• $\begingroup$ @WillJagy I think that comes basically for free by just computing dot products on the canonical coordinates in $\mathbb{R}^{n+1}$. $\endgroup$ – Steven Stadnicki Apr 20 at 16:25
  • $\begingroup$ This is a very simple theorem (see @YuichiroFujiwara). For this reason, the shortcut "This gives enough room for maneuver" is a hole in the proof under the given circumstances. $\endgroup$ – Wlod AA Apr 20 at 17:13
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Let us prove by induction that this number is $n+1$. The result is obvious for $n=1$. Assume it for some $n$ and consider a set of mutually negative dot product vectors $v_0,v_1,\ldots, v_k$ in $\mathbb{R}^{n+1}$. Then all of $v_1,\ldots,v_k$ lie in the open half-space $\{\,v\mid v_0\cdot v<0\,\}$. $\ \ \ \ $

Now the orthogonal projections $v_i'$ of $v_i$ ($1\leqslant i\leqslant k$) on the hyperplane $\{\,v\mid v_0\cdot v=0\,\}$ satisfy $v_i'\cdot v_j'\leqslant v_i\cdot v_j$ by a direct computation (assuming $v_i$ are unitary, one has $v_i'=v_i-(v_i\cdot v_0)v_0$ so that $v_i'\cdot v_j' = v_i\cdot v_j-(v_i\cdot v_0)(v_j\cdot v_0)$). By induction $k$ is at most $n+1$ and we are done.

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    $\begingroup$ Note that the lower bound holds by Robin Chapman's argument, of course. $\endgroup$ – Benoît Kloeckner Jul 11 '10 at 18:10
  • $\begingroup$ Actually, you don't need to know about the perfect example for n+1 vectors. The above Yuichiro argument induces plenty of specific generic examples. For the sake of the theorem, these generic examples are much simpler. $\endgroup$ – Wlod AA Apr 20 at 17:17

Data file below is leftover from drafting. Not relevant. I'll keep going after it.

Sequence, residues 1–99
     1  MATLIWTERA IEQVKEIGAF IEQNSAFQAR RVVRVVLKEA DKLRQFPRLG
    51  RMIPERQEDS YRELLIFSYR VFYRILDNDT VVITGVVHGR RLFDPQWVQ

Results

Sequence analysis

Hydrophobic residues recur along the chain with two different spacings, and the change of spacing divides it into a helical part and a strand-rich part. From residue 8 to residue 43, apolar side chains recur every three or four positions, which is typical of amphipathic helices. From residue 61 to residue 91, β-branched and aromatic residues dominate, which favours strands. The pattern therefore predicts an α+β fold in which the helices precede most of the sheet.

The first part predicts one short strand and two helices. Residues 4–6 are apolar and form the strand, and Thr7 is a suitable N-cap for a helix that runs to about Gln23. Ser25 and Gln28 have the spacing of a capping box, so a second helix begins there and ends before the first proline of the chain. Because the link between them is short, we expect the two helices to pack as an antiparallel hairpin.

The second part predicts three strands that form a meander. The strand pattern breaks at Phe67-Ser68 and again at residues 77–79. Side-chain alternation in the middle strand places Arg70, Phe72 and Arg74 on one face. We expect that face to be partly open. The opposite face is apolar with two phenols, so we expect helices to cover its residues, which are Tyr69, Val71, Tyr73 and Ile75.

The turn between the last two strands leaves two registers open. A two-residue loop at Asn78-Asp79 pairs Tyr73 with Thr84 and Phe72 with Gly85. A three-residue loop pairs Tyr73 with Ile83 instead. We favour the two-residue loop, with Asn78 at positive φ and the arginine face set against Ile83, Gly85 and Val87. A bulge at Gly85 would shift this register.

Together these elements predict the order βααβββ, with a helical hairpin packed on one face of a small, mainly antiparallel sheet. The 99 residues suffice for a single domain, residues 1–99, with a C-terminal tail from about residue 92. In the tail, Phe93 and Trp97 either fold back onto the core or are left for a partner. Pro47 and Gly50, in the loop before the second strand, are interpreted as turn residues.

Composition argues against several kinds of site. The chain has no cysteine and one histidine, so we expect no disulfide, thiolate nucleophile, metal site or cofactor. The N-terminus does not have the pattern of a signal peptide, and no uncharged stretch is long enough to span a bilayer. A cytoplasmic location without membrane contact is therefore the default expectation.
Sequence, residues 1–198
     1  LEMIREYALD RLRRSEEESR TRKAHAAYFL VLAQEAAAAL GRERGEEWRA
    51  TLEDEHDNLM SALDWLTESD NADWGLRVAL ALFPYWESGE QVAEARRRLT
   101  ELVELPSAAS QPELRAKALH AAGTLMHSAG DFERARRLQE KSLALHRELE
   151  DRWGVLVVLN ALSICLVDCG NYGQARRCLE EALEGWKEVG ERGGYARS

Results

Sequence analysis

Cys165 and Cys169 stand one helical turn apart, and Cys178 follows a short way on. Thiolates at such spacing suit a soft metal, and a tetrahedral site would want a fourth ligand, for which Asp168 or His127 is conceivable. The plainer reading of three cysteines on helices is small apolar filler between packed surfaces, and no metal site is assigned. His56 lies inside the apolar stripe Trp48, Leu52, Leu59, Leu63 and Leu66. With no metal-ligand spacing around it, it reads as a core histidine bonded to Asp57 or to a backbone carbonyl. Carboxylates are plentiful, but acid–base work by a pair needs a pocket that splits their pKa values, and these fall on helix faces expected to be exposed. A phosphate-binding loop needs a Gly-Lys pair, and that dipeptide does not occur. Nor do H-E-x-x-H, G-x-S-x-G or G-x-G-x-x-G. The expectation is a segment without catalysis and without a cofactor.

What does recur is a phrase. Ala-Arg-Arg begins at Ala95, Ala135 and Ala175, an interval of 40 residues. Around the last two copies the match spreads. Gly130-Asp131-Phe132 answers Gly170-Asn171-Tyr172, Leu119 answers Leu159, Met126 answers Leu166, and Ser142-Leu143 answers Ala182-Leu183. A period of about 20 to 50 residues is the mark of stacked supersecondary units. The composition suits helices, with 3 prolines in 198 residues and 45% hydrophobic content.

• $\begingroup$ Another way of saying this geometrically: op is asking about covers of an n-1 sphere by hemispheres satisfying a certain property. If n>1, you can assume no two hemispheres are opposite. Now observe that such a cover induced another cover of the boundary of a given hemisphere, satisfying the same property. It follows that the maximal number of hemispheres can grow by at most 1 when you add 1 to the dimension. $\endgroup$ – Dmitry Vaintrob Apr 20 at 19:58
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A proof from matrix theory

Let $V=(v_1,...,v_m)\in\Bbb R^{n\times m}$ be the matrix with the $v_i$ as columns. The matrix $X:=V^\top V\in\Bbb R^{m\times m}$ has the following properties:

  • $X$ is positive semi-definite, that is, all eigenvalues are real and $\ge 0$. Furthermore, the multiplicity of the eigenvalue zero is equal $m-d$, wehre $d$ is the rank of $X$ and equals $d:=\dim \mathrm{span}\{v_1,...,v_m\}\le n$.
  • $X_{ij}=v_i\cdot v_j$, in particular, all off-diagonal entries of $X$ are negative.

The matrix $Y:=I-X$ has only positive entries, and by Perron-Frobenius, its maximal eigenvalue has therefore multiplicity one. Hence, the minimal eigenvalue of $X$ has multiplicity one. Thus, the multiplicity of zero as eigenvalue of $X$ is at most one (it could be that zero is not an eigenvalue at all, but if it is one, it is the smallest).

Conclusively $m-d\le1\implies m\le d+1\le n+1$.